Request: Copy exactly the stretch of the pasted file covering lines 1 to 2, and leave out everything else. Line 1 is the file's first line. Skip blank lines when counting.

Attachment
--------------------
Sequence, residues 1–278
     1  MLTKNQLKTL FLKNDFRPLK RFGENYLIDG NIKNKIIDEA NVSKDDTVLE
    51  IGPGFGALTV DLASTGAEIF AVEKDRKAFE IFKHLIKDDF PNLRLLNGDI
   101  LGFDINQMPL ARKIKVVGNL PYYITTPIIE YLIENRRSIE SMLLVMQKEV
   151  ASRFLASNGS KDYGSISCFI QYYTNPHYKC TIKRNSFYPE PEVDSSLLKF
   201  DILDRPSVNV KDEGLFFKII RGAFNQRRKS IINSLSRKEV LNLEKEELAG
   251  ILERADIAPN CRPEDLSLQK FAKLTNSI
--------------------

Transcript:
Sequence, residues 1–278
     1  MLTKNQLKTL FLKNDFRPLK RFGENYLIDG NIKNKIIDEA NVSKDDTVLE